USU students conduct research through augmented reality and interactive storytelling

Photo Illustration (Matt Halton)

A Utah State University research study has been conducting workshops for children to examine how they learn through making. The kids participating in this research have the opportunity to play games and create through AR, or augmented reality. AR blends the real world with the virtual world and was the same technology used to produce Pokemon Go.

The platform this technology is being produced on is called ARIS. ARIS is an open-source app that anyone can download to play and create games on. Along with USU students, Dr. Breanne Litts is directing this study.

“AR tells stories that are connected with place and identity,” Litts said.

The goal of this study is to further knowledge on how AR can be used in schools and what it is capable of. The kids enrolled in the program come to the workshop after school to work on their games. Each child has built their own game to play on ARIS.

“We are looking at the design skills kids learn through making and programming,” Litts said.

Ayla Stults-Lopez is gaining research through this experience under the supervision of Drs. Breanne Litts and Kristin Searle as part of a National Science Foundation award.

“The most surprising thing I have learned is how smart these kids are. I am blown away by how fast they have been able to pick this up,” Stults-Lopez said.

Stults-Lopez is a plant science major. Through this process she is hoping to “find out the best way kids learn with technology.” She would like to host workshops for children that teach them how to farm organically and urban farm in the future.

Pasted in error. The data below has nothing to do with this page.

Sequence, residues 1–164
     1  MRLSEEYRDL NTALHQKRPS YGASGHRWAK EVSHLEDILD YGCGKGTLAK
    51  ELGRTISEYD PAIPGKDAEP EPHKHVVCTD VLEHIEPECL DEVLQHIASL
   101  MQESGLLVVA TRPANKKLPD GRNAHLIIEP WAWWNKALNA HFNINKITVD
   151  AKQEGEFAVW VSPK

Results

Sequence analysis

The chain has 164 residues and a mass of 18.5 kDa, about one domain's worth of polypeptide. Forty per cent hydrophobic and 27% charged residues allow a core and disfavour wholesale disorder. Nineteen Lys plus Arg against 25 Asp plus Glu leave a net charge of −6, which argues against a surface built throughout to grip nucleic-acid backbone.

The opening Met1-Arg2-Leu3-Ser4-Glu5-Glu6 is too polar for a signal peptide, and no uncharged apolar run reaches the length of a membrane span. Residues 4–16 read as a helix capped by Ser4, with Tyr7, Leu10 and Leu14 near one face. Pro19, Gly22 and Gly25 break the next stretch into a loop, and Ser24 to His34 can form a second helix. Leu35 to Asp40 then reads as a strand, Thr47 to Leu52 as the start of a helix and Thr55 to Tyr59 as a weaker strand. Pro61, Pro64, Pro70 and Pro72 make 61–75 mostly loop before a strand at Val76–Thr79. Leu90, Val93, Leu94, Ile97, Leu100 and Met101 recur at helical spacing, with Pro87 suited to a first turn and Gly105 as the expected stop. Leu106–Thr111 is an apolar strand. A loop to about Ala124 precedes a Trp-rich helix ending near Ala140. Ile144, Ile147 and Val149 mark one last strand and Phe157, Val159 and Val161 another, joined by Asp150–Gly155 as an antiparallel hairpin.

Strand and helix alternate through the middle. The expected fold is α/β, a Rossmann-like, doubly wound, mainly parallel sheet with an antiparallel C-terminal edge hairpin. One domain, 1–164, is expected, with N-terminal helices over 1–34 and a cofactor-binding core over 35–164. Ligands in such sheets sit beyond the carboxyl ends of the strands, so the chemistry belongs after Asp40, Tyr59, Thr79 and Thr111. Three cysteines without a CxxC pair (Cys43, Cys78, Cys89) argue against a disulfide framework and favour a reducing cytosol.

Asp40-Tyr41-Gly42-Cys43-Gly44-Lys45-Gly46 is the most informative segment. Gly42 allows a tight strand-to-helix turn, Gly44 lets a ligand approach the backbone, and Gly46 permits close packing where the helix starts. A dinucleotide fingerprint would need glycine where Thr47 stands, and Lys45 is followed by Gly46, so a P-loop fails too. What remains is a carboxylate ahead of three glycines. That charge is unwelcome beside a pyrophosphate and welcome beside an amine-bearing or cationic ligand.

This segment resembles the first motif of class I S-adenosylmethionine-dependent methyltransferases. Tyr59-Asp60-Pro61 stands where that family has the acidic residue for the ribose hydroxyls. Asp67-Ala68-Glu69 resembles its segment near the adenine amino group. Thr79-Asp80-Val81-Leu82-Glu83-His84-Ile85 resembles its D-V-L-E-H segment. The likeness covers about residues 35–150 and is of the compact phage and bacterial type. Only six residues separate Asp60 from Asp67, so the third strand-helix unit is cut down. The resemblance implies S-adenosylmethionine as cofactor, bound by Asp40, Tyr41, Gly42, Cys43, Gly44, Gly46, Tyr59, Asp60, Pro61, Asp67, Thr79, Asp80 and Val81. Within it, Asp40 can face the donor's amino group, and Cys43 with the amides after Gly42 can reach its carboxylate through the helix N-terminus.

This study is focusing primarily on girls in grades 6-11. According to graduate student Whitney Lewis, this is to generate more interest in the field of computer science in females.

“We wanted to look at girls specifically. There is a lot of interest in how we can get girls involved in this male-heavy field of computational thinking,” Lewis said.

USU students have learned through this study that technology in the classroom will be more important than ever in the future. Coding, programming, and other similar skills will be ones that young children are going to be increasingly exposed to.

“I love the process of making things better. We thought, how can we get a hour of code activity for kids to work on? We’ve learned that introducing these skills through debugging proved to be a good activity,” Lewis said.

Research projects help students discover and process new information that will be useful in the future.

“Research is always good for students to be involved in,” Lewis said. “It shows you the process of how you can critically think and solve problems. The more research there is on campus, the more opportunities we will have.”

shelby.black@aggiemail.usu.edu
@shelbsterblack


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